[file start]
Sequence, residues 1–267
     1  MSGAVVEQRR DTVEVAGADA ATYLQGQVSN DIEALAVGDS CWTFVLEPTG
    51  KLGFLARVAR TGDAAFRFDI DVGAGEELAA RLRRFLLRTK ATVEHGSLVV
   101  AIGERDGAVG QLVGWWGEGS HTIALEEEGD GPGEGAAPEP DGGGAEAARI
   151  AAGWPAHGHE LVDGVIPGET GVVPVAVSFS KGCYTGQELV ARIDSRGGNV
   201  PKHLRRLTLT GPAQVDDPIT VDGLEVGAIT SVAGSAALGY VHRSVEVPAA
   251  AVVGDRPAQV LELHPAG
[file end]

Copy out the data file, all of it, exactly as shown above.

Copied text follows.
Sequence, residues 1–267
     1  MSGAVVEQRR DTVEVAGADA ATYLQGQVSN DIEALAVGDS CWTFVLEPTG
    51  KLGFLARVAR TGDAAFRFDI DVGAGEELAA RLRRFLLRTK ATVEHGSLVV
   101  AIGERDGAVG QLVGWWGEGS HTIALEEEGD GPGEGAAPEP DGGGAEAARI
   151  AAGWPAHGHE LVDGVIPGET GVVPVAVSFS KGCYTGQELV ARIDSRGGNV
   201  PKHLRRLTLT GPAQVDDPIT VDGLEVGAIT SVAGSAALGY VHRSVEVPAA
   251  AVVGDRPAQV LELHPAG